Ahmed Assi teaches aspiring journalists in the hardline rebel stronghold of Idlib province. Six years ago, he was working in the Syrian state media as a newspaper reporter in the same region.
A graduate of Damascus University in strategic planning, Assi 36, trained as a young professional in a culture of censorship and intimidation. Syria is the world’s fourth-lowest ranked nation for global press freedom in 2017.
The start of the war in 2011 gave rise to two opposing medias. On one side, a strictly regulated state-run apparatus puts out carefully crafted messaging in line with the Assad regime’s political agenda. On the other, citizen journalists of the freewheeling opposition were starting websites and radio stations, magazines and Facebook pages, Assi tells Syria Direct’s Alaa Nassar.
The proliferation of reporting gave voice to a Syrian opposition. It did not, however, guarantee the protection of press freedoms in any corner of Syria.
Now, six years into the war, a cast of Salafist characters controls rebel-held Idlib province. Most notable is Hay’at Tahrir a-Sham (HTS), an opposition coalition that includes Al-Qaeda-linked Jabhat Fatah a-Sham as a leading member. While HTS may represent itself as feverishly anti-Assad, their approach to media does not differ much from that of the Syrian state media.
What happens in rebel-held Idlib province when a journalist criticizes a faction?
“The journalist would likely face a certain degree of pressure and be held accountable.”
Q: Do you believe that freedom of the press exists in Idlib, especially with a group like HTS largely in control of the province?
I would say that there’s a measure of freedom. A journalist or an activist can work on topics that aren’t related to the factions, and specifically not topics that have to do with matters of security.
We can’t just single out HTS for violating press freedoms because they’re not the only faction that controls Idlib province. For instance, you have Jaish al-Fatah in control of Jisr a-Shughour. You’ve also got Ahrar a-Sham and other groups in parts of Idlib. What you’re seeing is not just one faction in control, which means that we can’t say for sure that it’s any one group that is violating press freedom in Idlib.
Q: But can a local journalist report on HTS—or any other rebel faction in Idlib province, for that matter—without fear for their safety? Is it ever permissible to criticize the opposition?
Sometimes, if a journalist were to criticize one of the factions—even if the faction only partially controls the area where the journalist is residing—then the journalist would likely face a certain degree of pressure and be held accountable. But this is not done in the same way or to the same extent that the Syrian security forces carry it out.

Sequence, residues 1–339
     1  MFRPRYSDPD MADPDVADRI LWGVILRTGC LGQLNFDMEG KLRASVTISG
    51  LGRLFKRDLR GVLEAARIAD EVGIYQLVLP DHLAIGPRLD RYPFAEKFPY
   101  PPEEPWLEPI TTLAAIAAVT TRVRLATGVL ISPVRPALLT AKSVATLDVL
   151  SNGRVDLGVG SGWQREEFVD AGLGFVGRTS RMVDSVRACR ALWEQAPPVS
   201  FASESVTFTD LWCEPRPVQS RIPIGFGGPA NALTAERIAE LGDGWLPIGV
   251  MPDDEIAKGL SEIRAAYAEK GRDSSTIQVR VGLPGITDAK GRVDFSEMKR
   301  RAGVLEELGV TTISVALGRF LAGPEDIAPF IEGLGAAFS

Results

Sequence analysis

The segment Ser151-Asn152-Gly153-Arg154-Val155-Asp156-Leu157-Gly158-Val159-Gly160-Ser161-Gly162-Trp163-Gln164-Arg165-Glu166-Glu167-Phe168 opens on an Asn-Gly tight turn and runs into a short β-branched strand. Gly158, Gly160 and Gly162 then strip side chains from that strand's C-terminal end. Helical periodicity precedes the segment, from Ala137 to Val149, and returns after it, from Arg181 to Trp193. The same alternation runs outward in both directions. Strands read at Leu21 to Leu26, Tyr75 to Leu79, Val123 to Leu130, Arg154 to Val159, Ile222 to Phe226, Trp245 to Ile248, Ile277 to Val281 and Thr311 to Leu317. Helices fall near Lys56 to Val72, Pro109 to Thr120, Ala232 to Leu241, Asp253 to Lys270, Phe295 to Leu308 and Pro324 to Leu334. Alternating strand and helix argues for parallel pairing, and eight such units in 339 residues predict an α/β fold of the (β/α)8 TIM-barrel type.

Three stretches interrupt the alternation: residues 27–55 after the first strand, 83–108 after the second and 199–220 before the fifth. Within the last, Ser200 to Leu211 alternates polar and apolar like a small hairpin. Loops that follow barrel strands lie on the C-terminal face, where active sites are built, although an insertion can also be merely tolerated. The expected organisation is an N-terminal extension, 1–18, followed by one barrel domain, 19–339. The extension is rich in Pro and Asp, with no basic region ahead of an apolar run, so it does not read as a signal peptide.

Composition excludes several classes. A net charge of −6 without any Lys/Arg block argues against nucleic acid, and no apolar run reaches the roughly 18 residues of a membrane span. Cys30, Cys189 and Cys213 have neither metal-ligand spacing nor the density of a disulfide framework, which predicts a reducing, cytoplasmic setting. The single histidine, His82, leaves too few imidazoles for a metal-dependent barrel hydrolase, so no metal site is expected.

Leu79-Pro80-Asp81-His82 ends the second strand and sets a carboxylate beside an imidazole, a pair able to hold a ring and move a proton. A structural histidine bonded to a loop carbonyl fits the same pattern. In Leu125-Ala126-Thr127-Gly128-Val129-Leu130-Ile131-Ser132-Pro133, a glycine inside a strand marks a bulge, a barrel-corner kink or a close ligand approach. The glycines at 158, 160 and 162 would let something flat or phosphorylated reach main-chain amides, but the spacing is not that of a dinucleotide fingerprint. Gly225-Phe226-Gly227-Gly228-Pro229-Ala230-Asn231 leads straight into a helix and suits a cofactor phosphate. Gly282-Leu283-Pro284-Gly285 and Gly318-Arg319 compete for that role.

Idlib on Sunday. Photo courtesy of the Idlib Media Center.
Q: What exactly do you mean by “pressure?”
It depends on the nature of the criticism. Some factions actually encourage criticism for the sake of appearing transparent and tolerant of free expression. But in some security-related situations, freedom of the press is not taken into consideration.
In general, journalists can do their work even if it is critical of the factions. In one form or another, there is a degree of press freedom, even if it isn’t the exact level of freedom to which we aspire in the field of journalism.
Q: Is neutrality gone in Syria?
As journalists, we know that it is impossible to be completely neutral. There are some journalists who stand by the revolution and others who adopt the position of the regime. Even in opposition areas, there are some journalists who call for neutrality when covering rebel groups, but those same people do not exercise neutrality when the news is related to the regime.
Q: You were a student of media and journalism before the war. How do journalistic values of pre-war Syria compare with what is being practiced today in rebel-held Idlib province?
Before the revolution, the state of journalism was particularly poor, and opportunities in the field were limited to a very specific subset of Syrian society. The fact that I got into media was pure luck.
The regime’s security branch exercises complete intellectual control over the media. All of the news is censored, and their journalism focused exclusively on covering provincial activities and local organizations.
Structurally, state media is strong. But this is only because their work and their employees are subordinate to the regime, like all other state institutions. I left those regime outlets in 2011 because I knew how their reporting is just an attempt to lend legitimacy to the regime’s actions. They lie and forge facts to advance their agenda. There is no consideration for professionalism or neutrality when it comes to their reporting.
With the revolution, that all changed—most notably with the introduction of social media sites that served as platforms for people to deliver their message to the masses. There is, however, a drawback to all of this. Namely, you don’t have to be a professional to be on social media. At first, the quality of the citizen journalism was certainly lacking, or at least varied greatly. There have been, however, more freedoms for the press, more opportunities to get into journalism and media has begun to play a much bigger role, especially in news coverage.